The Effect of Unexpected Income Loss on Weight: Temporary Unemployment and BMI

Tuesday, June 14, 2016: 1:35 PM
401 (Fisher-Bennett Hall)

Author(s): Patryk Babiarz

Discussant: Monica Deza

More than one-third of adult Americans are obese. Obesity causes adverse health outcomes that could lead to lower productivity and higher health care costs. Stylized facts show that low-income women are more likely to be obese than high-income women. Most previous studies examining the obesity-income relationship focus on the impact of weight on economic status, with only two recent studies (Schmeiser, 2008; Cawley, Moran, & Simon, 2010) estimating the causal impact of income on weight. While one of these two papers (Schmeiser, 2008) found a statistically significant (positive) impact of income on body weight, both studies used identification strategies that limited the representativeness of results to low-income and/or elderly segments of the U.S. population.

The goal of the present analysis is to estimate the causal effect of income on weight using exogenous variation in household income created by transitory and unanticipated unemployment spells experienced by the spouse. A unique feature of this identification strategy is that it allows for estimation of the causal impact of income on body mass index (BMI) for a wider segment of adult population than previous research. The study draws upon the 1998-2013 waves of the Panel Study of Income Dynamics (PSID) to identify unanticipated, transitory and thus exogenous changes of household income resulting from an unemployment spell of the spouse. This identification strategy necessarily limits the analysis sample to couples. Changes in household income are assumed to be exogenous if they result from an unemployment spell of the spouse that occurred due to a layoff or being fired, illness or injury, employer bankruptcy, or employer selling the business. This excludes separations when the spouse voluntarily left his or her job, which could be endogenous to the individual’s weight or consumption decisions of the household. In order to identify unemployment episodes that are less likely to be voluntary and more likely to have a significant impact on total household income, only unemployment spells that last one month or longer are used. Additionally, to ensure that the unemployment spells are not voluntary, or that they are not permanent or seasonal, the analysis sample is restricted to households with strong labor force attachment.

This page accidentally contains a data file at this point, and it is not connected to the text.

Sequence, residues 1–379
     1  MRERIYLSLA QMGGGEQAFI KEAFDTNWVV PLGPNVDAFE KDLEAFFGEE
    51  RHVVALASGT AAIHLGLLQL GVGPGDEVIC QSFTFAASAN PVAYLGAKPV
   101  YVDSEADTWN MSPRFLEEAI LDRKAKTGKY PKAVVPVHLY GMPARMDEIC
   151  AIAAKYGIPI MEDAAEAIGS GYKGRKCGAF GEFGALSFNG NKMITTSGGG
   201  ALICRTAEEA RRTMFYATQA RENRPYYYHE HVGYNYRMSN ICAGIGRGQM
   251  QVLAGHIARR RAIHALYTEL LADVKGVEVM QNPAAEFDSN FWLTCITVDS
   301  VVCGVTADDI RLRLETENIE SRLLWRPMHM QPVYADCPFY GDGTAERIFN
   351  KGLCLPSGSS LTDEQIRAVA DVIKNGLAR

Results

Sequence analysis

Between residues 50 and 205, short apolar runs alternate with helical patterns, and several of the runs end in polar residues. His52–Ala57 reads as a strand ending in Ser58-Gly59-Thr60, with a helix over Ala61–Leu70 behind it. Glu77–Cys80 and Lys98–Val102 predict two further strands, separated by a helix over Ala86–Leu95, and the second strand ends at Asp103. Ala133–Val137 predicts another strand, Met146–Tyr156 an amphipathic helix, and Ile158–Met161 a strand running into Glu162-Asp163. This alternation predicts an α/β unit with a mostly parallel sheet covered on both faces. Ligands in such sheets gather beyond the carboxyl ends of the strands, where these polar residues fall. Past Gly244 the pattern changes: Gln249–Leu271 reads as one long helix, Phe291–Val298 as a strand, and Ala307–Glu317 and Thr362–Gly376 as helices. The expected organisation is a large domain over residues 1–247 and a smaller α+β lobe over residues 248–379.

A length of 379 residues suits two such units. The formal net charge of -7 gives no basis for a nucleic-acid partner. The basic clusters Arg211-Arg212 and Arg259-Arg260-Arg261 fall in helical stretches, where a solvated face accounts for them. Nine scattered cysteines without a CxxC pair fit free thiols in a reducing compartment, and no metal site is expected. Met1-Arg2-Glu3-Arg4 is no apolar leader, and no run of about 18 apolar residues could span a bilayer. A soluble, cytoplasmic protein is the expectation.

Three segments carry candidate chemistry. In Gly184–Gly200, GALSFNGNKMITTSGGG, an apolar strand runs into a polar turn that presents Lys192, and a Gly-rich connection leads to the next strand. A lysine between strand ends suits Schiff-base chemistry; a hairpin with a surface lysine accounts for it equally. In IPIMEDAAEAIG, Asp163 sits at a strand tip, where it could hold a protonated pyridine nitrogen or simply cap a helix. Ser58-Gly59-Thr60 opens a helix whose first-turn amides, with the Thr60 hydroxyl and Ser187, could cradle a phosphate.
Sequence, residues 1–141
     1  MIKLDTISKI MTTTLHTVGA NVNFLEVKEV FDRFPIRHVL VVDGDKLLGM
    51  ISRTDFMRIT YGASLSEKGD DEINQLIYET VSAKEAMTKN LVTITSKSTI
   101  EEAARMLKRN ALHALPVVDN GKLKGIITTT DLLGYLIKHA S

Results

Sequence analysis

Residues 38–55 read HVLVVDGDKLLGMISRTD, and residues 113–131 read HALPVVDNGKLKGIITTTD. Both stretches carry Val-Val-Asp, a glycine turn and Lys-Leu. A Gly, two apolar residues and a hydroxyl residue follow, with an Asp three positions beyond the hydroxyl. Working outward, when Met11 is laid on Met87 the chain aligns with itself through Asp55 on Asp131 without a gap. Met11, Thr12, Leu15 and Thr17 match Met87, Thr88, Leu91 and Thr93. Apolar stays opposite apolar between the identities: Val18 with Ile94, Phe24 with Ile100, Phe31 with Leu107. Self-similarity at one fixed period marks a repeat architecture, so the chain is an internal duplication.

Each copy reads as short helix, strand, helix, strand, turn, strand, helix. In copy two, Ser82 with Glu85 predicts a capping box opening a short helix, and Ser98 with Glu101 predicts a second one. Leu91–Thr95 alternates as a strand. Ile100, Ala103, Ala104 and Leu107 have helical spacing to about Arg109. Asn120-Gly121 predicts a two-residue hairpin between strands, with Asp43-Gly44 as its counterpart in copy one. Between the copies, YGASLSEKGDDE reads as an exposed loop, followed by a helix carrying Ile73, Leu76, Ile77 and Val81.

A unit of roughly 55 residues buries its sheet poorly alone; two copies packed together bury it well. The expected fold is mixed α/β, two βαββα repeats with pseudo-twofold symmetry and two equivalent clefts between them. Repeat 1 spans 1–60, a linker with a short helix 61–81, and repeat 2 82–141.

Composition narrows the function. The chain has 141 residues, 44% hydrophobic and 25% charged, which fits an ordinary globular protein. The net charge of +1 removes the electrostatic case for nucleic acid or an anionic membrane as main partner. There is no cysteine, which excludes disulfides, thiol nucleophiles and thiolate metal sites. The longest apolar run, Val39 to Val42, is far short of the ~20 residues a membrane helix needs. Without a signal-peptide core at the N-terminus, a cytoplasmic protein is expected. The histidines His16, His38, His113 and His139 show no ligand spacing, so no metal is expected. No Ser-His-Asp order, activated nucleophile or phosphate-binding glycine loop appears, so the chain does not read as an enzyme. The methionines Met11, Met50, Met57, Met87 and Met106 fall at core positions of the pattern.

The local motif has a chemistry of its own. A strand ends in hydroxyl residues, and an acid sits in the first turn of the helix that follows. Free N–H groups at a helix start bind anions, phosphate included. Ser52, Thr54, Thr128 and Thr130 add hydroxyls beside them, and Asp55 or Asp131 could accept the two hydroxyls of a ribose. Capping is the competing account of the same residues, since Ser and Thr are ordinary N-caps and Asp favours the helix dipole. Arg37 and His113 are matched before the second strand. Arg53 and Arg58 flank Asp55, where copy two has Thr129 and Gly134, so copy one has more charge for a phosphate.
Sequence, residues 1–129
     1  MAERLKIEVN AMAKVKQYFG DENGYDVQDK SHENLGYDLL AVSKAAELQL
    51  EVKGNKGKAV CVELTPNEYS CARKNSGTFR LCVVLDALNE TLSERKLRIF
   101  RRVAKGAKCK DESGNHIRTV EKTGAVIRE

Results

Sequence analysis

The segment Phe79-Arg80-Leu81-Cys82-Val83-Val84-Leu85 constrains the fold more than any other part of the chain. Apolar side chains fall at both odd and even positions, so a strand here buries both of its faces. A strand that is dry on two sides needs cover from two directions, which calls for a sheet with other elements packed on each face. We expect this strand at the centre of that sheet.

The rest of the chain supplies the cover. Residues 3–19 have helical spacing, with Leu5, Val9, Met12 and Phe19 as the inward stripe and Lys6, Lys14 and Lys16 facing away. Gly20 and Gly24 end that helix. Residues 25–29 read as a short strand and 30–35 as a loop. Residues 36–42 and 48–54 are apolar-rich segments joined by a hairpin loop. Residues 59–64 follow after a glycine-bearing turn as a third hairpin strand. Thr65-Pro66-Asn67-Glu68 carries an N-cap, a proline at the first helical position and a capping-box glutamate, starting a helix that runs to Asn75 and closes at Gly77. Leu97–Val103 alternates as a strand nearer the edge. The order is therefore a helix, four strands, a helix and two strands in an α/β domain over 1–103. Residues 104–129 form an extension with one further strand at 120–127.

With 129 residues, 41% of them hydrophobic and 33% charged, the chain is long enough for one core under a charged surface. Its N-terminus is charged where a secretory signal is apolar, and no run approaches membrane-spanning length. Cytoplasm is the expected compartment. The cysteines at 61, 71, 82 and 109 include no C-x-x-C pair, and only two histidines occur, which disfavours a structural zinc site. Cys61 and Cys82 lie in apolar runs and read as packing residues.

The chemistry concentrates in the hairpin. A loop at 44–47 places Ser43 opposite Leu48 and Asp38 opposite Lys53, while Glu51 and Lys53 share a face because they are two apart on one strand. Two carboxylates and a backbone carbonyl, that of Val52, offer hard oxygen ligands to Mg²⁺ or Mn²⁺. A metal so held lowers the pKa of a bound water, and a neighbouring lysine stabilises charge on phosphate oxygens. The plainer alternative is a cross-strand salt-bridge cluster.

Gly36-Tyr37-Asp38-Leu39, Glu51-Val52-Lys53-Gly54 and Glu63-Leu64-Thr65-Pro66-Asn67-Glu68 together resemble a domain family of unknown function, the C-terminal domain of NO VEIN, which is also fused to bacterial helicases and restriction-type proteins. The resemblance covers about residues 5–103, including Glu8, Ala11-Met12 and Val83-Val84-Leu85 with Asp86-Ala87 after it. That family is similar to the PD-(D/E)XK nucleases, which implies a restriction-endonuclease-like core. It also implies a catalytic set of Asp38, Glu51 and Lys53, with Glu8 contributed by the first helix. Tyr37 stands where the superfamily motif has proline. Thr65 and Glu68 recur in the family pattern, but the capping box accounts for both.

Instrumental variable models of BMI (continuous outcome) and obesity (dichotomous outcome) are estimated separately for the samples of husbands and wives. The estimations control for individual and time fixed effects, as well as a rich set of demographic and socio-economic variables. Findings indicate no causal effect of income on BMI of men. For women, results reveal a quantitatively small and marginally statistically significant positive impact of income on BMI. A loss of $1,000 of household income decreases women’s BMI by about 0.02 points. Additional estimations reveal that the effect of income on women’s weight is concentrated in low-income households.